Determined not to be drawn into the Trump reality show, Biden has kept his eyes on the prize, selecting seasoned diplomats, academics and experienced ex-officials. Among them, the former US secretary of state John Kerry, who will act as “climate tsar” when he takes office. His new diplomatic task will surely be tougher now than when he served as President Barack Obama’s secretary of state, during which time he helped steer the negotiation of the Paris Agreement, locking down commitments from nearly 200 countries – including his own (at least back then) – to begin to reverse the dangerous effects of global warming.
 
Other key choices include Avril Haines, the first woman to be director of national intelligence. Regarded as a sharp policy expert, she’s top among career intelligence officers. 
 
Then there’s Biden’s “alter ego”; guitar-playing Beatles fanatic Antony Blinken who is set to take up one of the most important foreign policy positions when he becomes secretary of state. He joins Kerry in the task of reviving the US’s global reputation after four years of Trump.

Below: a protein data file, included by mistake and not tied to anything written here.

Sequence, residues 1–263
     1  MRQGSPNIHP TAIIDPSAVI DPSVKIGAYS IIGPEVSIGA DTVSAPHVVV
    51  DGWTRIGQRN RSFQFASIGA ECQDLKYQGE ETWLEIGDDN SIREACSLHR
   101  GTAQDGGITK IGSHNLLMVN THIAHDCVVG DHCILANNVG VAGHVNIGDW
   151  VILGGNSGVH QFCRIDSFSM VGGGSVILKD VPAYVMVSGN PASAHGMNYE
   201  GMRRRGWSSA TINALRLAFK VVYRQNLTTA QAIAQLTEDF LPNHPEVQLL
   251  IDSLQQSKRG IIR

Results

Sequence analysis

The announcements come as further pressure mounts on Trump to give up his legal fight.
 
We don’t need a key race alert to tell us the end is nigh for the “Trump Show”. After years of watching, his ratings are in and even his ardent supporters are switching off
 
That’s not to say that there won’t be a spin off. But for now, it’s time to change the channel as Biden’s cast is worth watching.

News